January 22, 2019

Quia timet injunctions

Vastint Leeds BV v Persons Unknown [2018] EWHC 2456 (Ch)

Developers facing the risk of trespassers coming onto vacant development sites and causing substantial damage will welcome the High Court’s decision in Vastint Leeds BV v Persons Unknown [2018] EWHC 2456 (Ch), where it ordered an injunction to prevent incursions by trespassers.

The facts

Vastint is the developer of the site at the former Tetley Brewery in Leeds. With its development taking place in phases, parts of the site were left vacant. Despite putting a number of security measures in place, there had been a number of incidents of trespass/attempted trespass, involving caravans, which had resulted in clean-up costs of about £25,000. One of Vastint’s group companies had also been the victim of various incidents at a site in East London involving illegal raves. Vastint also referred to the increase in “professional” fly-tipping operations causing significant delay and irrecoverable costs to developers. Vastint was further concerned that, as the development works progressed, there would be increased safety risks with buildings being structurally unstable and the presence of asbestos.

To prevent the risks posed by travellers, those organising and participating in raves and illegal fly-tipping, Vastint applied to the Court for a quia timet injunction to prevent further incidents before they occurred. The developer considered that such an injunction would be a real deterrent to trespassers because of the penal notice it carries and attached risk of being in contempt of Court. Vastint further believed that it would help in getting assistance from the police (who, as developers will know, do not normally get involved in trespass of commercial premises unless proceedings are issued).

Injunction against persons inknown

It is well established that proceedings can be issued and an order made against an unnamed defendant where:

  1. The name of the specific defendant is not known;
  2. There is a specific group/class of defendants but not all of their names are known; or
  3. The defendants are defined by reference to their future act of infringement.

It was this third category that was at play here. Judge Smith confirmed that an order could be made against such a category of defendants provided that the description of the defendants is sufficiently clear (i.e. it should not require a legal interpretation or be subjective).

Quia timet injunctions

This is a preventive injunction, where no wrong has yet been committed, but to prevent its occurrence. For such an injunction to be granted, the court will apply a two-stage test:

  1. There must be a strong probability that, unless restrained by injunction, there is a real and imminent risk that the defendant will breach the claimant’s rights; and
  2. The harm/damage caused by such an act will be so grave and irreparable that damages would not be an adequate remedy.

If the above two tests are not met, the appropriate remedy will be for the claimant to seek an injunction once the damage/nuisance materialises.

When considering these questions, the court will have regard to other steps that have been taken to prevent the issue (and whether the risk still exists despite those measures), the attitude of the defendant (this must suggest that the defendant is likely to commit the infringement), the timeframe of the infringement (in other words the risk must be imminent), and whether an interim injunction (after the event) plus damages would be an effective remedy having regards to the gravity of the anticipated harm.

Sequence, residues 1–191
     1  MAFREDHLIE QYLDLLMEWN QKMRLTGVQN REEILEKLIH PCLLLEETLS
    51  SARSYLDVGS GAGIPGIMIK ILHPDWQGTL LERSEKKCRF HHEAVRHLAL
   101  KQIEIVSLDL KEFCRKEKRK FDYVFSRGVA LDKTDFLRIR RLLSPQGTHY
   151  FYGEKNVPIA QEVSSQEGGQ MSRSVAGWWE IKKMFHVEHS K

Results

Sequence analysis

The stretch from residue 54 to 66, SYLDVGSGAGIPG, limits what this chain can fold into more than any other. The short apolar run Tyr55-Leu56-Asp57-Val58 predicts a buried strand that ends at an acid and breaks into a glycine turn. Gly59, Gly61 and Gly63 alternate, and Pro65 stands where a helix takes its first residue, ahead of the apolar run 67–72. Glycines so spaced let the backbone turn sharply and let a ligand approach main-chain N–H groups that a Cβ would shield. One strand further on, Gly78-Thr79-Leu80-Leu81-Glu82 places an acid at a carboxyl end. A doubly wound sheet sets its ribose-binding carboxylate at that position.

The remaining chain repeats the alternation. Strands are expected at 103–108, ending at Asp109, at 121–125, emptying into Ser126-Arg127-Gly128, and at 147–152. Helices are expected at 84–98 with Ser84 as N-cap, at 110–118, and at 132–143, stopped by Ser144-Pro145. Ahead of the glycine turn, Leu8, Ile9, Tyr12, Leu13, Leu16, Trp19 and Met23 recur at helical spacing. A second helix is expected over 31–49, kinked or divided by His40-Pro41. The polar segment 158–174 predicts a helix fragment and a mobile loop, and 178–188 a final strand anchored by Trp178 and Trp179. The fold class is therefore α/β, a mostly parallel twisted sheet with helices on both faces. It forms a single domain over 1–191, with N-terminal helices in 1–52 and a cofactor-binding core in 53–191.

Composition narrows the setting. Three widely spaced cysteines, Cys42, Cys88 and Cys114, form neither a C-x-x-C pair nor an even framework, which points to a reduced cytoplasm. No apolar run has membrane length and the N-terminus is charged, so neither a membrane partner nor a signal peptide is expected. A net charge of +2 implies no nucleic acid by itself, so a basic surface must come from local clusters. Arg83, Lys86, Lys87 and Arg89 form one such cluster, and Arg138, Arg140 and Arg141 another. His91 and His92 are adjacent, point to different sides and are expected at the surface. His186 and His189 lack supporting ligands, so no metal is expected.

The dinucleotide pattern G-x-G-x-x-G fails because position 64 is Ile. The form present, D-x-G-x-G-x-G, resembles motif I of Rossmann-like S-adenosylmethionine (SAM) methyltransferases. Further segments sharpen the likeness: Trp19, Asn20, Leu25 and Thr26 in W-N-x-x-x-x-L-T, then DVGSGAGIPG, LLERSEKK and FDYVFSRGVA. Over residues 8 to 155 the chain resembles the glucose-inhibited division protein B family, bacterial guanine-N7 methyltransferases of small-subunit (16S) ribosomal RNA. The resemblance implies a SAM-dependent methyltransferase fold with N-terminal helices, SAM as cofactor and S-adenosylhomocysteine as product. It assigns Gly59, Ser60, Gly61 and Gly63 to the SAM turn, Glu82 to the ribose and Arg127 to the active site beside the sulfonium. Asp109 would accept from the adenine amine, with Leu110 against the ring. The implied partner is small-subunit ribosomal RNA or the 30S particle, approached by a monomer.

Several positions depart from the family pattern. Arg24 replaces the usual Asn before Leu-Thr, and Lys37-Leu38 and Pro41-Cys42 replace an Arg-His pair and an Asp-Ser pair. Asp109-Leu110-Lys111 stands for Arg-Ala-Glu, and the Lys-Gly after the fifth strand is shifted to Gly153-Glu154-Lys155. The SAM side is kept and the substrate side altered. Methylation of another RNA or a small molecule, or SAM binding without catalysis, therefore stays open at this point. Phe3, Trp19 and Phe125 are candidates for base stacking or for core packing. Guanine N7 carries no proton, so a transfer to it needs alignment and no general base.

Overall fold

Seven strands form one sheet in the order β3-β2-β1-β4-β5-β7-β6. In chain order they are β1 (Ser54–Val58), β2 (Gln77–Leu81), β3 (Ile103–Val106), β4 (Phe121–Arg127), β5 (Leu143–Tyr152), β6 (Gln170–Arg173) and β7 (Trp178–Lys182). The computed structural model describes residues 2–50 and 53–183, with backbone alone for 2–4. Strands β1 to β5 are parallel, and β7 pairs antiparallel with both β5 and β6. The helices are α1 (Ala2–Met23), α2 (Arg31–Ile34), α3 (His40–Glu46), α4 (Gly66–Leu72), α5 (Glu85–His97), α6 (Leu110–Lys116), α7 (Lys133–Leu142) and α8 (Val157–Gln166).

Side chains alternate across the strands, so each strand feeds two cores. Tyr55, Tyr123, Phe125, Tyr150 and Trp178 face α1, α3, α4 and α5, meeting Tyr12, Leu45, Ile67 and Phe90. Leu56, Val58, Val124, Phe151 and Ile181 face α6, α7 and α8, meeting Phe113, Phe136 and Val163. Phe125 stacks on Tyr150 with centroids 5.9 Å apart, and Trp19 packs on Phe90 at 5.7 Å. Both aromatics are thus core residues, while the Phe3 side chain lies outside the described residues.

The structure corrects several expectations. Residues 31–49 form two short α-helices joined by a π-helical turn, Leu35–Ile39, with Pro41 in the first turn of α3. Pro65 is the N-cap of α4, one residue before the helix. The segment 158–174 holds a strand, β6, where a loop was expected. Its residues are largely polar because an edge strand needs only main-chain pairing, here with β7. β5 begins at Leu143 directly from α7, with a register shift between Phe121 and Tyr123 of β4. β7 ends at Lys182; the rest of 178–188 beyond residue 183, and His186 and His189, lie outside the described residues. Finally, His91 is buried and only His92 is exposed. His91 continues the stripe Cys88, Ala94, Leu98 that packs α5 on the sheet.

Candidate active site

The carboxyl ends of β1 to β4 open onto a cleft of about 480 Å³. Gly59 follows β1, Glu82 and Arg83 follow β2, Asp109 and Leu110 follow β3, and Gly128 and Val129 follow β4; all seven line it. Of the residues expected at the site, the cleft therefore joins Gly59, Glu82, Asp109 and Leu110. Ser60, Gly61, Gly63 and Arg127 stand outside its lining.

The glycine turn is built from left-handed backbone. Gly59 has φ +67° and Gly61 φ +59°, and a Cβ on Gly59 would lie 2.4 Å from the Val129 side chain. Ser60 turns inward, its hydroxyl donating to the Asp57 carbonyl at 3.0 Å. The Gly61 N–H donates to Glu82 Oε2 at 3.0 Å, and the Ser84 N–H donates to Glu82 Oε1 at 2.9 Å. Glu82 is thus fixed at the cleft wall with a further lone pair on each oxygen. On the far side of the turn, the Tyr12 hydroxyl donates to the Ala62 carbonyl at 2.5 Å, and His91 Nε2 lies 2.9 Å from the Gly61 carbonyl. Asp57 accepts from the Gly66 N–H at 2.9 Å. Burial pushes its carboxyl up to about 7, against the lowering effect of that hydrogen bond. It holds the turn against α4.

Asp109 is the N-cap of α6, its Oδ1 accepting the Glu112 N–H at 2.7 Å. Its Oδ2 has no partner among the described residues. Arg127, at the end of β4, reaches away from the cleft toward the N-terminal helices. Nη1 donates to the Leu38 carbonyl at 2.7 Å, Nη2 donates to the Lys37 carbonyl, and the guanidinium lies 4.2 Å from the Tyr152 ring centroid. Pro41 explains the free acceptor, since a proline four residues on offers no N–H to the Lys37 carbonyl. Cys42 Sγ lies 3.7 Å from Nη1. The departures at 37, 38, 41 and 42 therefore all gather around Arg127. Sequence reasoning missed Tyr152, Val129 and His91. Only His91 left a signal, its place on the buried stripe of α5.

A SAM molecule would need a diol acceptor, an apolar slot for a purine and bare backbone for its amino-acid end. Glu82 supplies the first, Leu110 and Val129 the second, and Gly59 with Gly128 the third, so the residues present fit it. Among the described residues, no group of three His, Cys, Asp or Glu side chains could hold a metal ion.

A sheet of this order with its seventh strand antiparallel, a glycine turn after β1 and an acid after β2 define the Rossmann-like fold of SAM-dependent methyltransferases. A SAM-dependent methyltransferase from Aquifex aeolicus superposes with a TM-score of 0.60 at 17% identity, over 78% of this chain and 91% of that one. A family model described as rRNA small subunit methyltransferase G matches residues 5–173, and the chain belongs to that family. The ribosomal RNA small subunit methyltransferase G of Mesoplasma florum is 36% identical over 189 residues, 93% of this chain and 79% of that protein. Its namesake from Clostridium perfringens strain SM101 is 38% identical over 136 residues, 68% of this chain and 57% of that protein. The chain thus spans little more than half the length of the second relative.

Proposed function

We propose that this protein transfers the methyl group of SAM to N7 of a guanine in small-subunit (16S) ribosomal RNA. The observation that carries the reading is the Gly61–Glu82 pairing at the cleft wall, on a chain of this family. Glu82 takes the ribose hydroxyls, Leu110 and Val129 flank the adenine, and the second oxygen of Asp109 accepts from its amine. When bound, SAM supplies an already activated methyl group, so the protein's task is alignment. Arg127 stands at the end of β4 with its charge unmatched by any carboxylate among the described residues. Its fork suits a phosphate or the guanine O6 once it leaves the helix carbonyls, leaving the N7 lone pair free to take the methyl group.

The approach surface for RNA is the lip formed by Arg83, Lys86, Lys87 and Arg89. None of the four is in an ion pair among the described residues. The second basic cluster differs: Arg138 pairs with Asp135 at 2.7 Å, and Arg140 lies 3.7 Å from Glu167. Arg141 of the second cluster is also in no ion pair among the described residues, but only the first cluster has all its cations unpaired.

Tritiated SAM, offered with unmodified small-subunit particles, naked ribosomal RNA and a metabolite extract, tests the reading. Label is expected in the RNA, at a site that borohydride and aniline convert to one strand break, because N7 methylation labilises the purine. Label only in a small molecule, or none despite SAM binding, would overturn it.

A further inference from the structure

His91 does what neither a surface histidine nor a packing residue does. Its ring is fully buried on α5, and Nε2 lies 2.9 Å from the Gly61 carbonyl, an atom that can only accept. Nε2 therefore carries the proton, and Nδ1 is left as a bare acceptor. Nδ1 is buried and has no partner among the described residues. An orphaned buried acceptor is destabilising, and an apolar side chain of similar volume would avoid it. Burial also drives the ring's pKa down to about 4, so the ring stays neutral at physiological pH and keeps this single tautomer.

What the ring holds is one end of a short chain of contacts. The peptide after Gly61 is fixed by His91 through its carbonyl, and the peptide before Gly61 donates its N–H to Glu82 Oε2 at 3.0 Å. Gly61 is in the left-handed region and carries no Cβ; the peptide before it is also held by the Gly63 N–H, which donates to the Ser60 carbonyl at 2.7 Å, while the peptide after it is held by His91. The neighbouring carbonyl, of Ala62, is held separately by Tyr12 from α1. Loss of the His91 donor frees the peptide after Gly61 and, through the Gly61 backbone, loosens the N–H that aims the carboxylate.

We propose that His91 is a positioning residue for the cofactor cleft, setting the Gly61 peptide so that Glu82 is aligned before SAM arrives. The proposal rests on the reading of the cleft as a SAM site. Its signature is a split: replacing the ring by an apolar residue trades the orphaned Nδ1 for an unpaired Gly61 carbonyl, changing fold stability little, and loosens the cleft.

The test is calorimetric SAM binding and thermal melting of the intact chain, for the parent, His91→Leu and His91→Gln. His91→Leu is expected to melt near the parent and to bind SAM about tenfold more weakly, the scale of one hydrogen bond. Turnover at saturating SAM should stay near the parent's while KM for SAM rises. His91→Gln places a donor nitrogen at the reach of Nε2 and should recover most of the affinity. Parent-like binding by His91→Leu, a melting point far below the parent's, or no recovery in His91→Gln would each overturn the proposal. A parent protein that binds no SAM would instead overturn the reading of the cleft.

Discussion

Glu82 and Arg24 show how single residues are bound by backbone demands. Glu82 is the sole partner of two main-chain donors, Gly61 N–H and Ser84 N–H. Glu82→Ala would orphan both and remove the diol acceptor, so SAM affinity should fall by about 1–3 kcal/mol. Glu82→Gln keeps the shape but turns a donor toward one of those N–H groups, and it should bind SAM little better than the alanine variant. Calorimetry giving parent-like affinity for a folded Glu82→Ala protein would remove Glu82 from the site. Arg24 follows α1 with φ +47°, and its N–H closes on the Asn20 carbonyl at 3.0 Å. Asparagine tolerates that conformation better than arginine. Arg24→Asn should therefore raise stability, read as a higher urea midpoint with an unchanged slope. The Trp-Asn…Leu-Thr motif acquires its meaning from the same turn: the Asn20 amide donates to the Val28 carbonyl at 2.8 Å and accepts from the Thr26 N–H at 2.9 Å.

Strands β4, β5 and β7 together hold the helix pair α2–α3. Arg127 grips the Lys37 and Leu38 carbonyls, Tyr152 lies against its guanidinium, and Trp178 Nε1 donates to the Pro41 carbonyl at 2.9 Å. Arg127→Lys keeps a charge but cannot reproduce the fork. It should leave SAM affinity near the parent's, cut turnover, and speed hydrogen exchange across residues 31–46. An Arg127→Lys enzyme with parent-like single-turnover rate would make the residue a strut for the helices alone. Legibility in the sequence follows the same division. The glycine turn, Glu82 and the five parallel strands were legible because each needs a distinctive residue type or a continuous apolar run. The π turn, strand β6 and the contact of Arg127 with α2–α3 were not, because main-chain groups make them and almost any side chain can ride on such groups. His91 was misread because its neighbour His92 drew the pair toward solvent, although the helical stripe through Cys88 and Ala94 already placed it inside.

Despite expressing some doubt over the lack of evidence with regards to the intention/attitude of the potential trespassers because their identity was unknown, Judge Smith acknowledged that the security measures put in place by Vastint had been insufficient to prevent incidents of trespass. In the circumstances, he was satisfied that there was a strong probability of further incursions by caravans and those involved in or participating in raves. He therefore found that the first stage of the above test was made out in relation to those categories of trespassers.

He was, however, not convinced that there was a real risk of fly-tipping, having seen no evidence other than this occurring at other sites in the country.

As to the gravity of the harm that might be caused by trespassers, Judge Smith acknowledged that there were serious risks to life and limb to trespassers but also staff and contractors. In addition, he recognised that further incidents would likely result in significant costs to Vastint and that, although it could in theory be compensated by damages, the reality is that such costs are very unlikely to ever be recovered. It followed that the second stage was also made out and the injunction was granted.

As the order was made against persons unknown, the judge sought to limit its ambit as clearly as possible so that it would only affect those it was intended for.


Developers who have been the victim of trespassers will be all too familiar with the delays and costs that such incidents can cause. Although this decision does not mean that such an injunction will be available in all cases (as there must be a real threat and risk of significant harm being caused), it may assist developers dealing with particularly problematic sites. It is, however, important to note that the Court will have regard to the other measures taken by the developer to limit the risk in the first place and the evidence of the risk in question.

The article first appeared in our Real Estate Bulletin - January 2019.